The wind on the summit was mild compared to down lower on the ridge and we caught some summit pics and had a snack while he waited for his friend to catch up. I enjoyed the summit for nearly an hour as the other guys worked their way up. By the time I was warmed and fueled up and getting ready to head back down there were six of us scattered along the summit ridge.
The ridge is a narrow scramble where the consequences are absolutely dire with the slightest slip. Some of the snow made for a little bit larger of a platform to traverse along but I still had concern that some of them could snap off into empty space with the next step. I took my time, appreciating the incredible clear skies and warm temperatures to enjoy the views of the thirty 14ers visible from the summit.
Off the ridge I glissaded down the snowfield jabbing the handles of my trekking poles into the snow to slow myself down and in the process ripping up some new poles I had picked up just days earlier.
I opted for a different line down, a mistake I’ve made before and I am certain to make again. But I figured I would hunt for the actual trail and deciding we had cut off to the right too late, decided to head left in hopes of finding an actual path. But instead of the trail I found myself at the top of a steep cliff down into a deep snow-filled bowl. With such steep terrain I figured there was little risk of setting off a slide especially with some of the rocky ribs penetrating through the snow. But just above a steep drop on the slope I started sliding, the sleet-like icy snow coming with me. And with each foot I dropped more and more snow started to come with me. Like a riptide, the recommendation for a narrow avalanche is to go sideways in hopes of getting out. So I jumped and reached for the rocks and static snow off to my right. This was a small enough slide that it was easy enough to get off and I managed to shock load a basketball size stone sticking out of the ground and stop myself before going over the edge. This was a tiny slide but scary enough to instill in me even more respect for the daunting amounts of snow on some of these mountains. After catching my breath from the incident, I worked my way around the drop off and descended down toward the bowl.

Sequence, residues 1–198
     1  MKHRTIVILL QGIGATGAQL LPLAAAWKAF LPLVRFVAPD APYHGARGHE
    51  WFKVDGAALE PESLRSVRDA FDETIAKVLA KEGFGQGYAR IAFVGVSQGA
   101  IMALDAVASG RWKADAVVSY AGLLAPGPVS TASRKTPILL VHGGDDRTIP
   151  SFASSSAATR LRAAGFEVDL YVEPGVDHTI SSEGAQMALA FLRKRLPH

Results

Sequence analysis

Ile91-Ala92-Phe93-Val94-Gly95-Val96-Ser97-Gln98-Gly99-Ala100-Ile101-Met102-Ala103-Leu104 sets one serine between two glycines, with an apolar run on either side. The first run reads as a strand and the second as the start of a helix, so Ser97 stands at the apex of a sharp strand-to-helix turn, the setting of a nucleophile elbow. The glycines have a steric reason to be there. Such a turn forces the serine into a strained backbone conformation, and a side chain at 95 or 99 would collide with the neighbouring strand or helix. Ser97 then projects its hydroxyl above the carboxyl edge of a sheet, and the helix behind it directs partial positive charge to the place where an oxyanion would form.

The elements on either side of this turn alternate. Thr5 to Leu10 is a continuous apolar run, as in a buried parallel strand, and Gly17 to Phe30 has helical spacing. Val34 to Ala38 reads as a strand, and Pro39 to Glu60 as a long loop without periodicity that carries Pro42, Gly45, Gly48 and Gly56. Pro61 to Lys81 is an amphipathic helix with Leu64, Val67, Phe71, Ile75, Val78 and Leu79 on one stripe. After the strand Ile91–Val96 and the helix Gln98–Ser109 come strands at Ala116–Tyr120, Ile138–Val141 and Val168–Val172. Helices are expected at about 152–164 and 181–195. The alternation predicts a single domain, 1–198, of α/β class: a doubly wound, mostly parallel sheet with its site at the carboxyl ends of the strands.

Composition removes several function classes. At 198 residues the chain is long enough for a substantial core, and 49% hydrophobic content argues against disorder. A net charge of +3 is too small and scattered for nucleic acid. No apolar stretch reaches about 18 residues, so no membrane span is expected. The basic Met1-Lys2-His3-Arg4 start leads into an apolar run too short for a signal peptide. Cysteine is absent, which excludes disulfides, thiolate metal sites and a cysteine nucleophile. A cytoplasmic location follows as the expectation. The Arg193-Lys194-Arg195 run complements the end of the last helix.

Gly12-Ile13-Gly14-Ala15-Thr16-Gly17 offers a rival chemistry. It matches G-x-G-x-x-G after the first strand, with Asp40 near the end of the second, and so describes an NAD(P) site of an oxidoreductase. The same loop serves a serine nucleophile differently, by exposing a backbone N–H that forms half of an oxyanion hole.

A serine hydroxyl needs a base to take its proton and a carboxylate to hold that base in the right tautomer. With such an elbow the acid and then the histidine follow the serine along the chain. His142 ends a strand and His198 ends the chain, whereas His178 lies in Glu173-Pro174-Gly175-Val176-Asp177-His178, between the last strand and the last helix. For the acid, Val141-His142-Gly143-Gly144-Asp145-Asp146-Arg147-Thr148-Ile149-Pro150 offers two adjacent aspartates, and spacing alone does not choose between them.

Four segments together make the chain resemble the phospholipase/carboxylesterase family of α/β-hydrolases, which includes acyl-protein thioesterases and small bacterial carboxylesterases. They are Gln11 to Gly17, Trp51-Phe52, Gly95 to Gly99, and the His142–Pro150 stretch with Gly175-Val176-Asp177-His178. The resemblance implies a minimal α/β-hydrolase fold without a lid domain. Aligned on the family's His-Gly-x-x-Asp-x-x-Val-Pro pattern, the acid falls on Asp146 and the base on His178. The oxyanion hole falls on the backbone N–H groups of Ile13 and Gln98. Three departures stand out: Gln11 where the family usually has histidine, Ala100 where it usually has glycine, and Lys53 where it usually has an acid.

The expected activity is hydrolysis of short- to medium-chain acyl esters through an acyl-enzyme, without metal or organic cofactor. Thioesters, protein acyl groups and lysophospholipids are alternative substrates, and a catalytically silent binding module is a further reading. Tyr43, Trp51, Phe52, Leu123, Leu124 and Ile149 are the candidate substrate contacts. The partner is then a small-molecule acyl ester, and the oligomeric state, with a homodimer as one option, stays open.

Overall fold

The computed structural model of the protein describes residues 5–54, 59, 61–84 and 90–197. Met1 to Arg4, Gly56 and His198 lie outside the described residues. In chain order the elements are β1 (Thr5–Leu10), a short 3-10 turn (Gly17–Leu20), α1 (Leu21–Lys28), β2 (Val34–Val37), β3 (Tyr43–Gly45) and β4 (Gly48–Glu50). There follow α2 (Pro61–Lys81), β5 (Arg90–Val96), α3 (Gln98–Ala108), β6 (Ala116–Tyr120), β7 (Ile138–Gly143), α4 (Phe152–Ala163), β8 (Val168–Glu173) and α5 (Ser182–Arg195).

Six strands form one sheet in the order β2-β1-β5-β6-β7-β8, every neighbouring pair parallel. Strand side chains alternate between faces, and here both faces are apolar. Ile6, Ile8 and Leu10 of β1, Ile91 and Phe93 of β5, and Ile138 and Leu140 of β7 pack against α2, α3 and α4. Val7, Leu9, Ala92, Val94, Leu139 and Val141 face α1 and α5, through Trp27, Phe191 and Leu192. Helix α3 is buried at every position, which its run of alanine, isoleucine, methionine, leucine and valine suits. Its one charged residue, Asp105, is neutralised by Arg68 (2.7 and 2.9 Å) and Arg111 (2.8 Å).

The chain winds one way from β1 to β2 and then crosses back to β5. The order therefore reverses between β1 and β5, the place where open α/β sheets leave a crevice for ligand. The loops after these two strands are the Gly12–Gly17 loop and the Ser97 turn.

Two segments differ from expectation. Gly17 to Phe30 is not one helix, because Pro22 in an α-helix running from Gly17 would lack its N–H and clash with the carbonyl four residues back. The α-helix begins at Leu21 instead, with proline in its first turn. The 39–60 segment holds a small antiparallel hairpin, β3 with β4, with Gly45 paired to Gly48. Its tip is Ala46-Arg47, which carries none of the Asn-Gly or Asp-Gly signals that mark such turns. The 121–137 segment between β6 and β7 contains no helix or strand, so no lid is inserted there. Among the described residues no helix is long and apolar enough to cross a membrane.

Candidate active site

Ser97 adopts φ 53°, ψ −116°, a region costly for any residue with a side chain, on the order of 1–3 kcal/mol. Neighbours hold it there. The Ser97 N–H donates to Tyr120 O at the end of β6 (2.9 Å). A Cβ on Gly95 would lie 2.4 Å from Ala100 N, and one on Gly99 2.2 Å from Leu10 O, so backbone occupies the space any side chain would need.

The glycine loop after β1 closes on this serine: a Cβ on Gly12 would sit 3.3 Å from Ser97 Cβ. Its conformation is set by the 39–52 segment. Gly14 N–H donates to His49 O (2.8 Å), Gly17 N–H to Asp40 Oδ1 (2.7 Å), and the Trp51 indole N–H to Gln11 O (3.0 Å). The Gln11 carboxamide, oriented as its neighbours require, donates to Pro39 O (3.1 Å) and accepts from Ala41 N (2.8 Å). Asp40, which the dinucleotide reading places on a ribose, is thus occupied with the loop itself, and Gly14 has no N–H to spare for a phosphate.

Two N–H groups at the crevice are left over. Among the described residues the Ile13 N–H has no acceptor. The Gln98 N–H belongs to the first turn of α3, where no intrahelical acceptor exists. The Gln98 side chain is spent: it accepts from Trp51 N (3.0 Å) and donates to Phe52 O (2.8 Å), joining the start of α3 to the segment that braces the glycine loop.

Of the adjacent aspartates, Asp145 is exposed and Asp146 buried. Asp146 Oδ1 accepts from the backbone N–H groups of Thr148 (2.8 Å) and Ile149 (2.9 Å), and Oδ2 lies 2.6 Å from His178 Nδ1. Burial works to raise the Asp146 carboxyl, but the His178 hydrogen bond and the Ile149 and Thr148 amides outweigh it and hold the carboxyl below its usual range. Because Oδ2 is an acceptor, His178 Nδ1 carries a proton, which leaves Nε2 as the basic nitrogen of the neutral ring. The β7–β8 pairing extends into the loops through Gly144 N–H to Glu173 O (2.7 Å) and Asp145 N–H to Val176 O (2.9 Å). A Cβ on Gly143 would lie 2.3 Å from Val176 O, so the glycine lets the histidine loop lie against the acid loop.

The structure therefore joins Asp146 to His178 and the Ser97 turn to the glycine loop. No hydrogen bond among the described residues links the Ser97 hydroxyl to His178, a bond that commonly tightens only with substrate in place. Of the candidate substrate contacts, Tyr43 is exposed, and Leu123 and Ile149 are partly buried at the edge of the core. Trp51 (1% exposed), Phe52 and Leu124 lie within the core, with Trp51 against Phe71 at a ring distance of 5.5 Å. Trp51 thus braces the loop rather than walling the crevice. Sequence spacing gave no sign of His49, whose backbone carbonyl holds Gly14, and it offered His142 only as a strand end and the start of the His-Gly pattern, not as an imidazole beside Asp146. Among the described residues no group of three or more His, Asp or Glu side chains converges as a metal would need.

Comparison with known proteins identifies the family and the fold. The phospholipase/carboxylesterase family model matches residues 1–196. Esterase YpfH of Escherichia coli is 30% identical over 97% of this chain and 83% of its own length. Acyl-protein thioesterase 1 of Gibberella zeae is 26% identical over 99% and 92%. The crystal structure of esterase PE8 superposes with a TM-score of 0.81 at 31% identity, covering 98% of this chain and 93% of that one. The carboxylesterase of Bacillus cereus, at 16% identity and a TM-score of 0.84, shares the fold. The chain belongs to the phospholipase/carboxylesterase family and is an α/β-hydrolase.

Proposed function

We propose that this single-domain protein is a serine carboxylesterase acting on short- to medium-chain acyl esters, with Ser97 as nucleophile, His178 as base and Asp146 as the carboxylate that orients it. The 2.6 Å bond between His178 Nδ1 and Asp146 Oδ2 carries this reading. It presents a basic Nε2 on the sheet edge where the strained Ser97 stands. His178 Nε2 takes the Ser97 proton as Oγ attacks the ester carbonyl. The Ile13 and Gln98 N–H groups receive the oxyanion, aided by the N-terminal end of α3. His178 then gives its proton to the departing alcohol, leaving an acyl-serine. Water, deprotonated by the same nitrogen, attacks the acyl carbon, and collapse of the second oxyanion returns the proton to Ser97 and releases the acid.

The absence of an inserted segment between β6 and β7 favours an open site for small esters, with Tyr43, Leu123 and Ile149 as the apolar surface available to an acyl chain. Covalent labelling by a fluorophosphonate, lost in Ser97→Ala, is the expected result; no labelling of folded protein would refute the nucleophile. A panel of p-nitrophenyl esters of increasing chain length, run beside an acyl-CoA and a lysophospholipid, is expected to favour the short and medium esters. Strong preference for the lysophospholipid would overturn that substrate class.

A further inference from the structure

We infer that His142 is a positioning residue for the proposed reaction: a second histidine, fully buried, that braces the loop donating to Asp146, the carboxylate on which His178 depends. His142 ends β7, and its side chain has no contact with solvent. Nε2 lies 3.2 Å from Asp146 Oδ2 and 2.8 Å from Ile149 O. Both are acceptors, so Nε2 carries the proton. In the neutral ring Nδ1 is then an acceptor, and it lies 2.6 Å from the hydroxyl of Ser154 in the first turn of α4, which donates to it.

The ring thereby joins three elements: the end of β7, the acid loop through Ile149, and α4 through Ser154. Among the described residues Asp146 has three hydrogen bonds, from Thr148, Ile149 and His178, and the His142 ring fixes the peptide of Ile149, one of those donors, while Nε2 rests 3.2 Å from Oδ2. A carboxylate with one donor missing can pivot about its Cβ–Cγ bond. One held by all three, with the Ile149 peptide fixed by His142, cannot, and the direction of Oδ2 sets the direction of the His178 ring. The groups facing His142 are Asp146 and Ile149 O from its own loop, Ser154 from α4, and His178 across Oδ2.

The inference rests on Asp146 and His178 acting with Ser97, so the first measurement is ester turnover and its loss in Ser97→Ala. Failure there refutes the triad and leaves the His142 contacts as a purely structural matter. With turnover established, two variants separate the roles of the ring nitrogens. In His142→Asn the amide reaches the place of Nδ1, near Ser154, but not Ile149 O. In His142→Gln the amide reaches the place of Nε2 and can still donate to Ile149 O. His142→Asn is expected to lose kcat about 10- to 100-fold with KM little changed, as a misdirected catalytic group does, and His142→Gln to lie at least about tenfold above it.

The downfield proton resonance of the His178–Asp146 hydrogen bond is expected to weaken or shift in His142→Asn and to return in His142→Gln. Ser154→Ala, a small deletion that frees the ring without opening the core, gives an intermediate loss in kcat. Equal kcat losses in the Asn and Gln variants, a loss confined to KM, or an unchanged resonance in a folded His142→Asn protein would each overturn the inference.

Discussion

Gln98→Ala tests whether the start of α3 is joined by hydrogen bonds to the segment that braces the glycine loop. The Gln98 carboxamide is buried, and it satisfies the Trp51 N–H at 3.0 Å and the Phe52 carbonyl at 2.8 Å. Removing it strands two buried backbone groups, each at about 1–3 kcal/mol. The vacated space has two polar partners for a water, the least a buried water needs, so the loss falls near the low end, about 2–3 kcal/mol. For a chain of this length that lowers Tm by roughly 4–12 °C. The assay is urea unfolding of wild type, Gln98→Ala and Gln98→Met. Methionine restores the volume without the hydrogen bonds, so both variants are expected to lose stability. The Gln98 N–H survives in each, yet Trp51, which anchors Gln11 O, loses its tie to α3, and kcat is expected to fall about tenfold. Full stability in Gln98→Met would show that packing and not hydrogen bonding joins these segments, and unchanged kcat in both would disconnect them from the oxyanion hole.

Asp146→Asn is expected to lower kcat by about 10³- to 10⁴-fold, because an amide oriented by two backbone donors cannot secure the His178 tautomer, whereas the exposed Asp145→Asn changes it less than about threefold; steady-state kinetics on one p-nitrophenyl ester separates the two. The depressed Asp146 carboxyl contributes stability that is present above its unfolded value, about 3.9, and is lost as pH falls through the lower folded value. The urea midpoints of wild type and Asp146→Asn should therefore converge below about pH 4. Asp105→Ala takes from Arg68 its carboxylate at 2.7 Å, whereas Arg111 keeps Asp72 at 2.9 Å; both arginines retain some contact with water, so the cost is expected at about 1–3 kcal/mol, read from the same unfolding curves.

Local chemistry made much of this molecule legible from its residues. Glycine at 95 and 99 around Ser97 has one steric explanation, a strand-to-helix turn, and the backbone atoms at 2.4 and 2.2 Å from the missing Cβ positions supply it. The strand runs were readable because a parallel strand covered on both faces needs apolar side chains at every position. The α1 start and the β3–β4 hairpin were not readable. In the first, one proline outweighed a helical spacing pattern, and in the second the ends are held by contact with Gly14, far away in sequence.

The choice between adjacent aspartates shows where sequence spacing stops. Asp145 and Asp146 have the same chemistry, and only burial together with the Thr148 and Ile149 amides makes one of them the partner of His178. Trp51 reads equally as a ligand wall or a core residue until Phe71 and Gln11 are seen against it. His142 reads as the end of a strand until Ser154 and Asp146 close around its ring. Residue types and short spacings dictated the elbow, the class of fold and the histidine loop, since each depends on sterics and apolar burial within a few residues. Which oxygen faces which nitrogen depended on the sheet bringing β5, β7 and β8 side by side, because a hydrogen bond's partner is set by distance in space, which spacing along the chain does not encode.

Down in the valley the snow was deep and soft and my snowshoes pierced through like bare boots. I crawled through snow up to my waist toward where I knew the trail should be, just a couple hundred yards away. But with this slow moving I was sure that someone else coming down would catch and overtake me, laughing at my “shortcut”. After stumbling over downed trees and a rotten log over the creek I made it back to the trail and to my surprise found only the remains of my snowshoe tracks heading up the trail. My tracks were easy to spot with the front point of my snowshoe snapped off on my right foot from a misstep from descending Evans a couple weeks ago.
I enjoyed the packed trail back to the trailhead and arrived back at my car a little before 3:30. But with all the snowmobilers arriving after their day’s ride, I was quick to pack up and get out of the parking lot. Another epic day, I was happy to bag a Mt. Yale winter summit and knock out 14er number 17.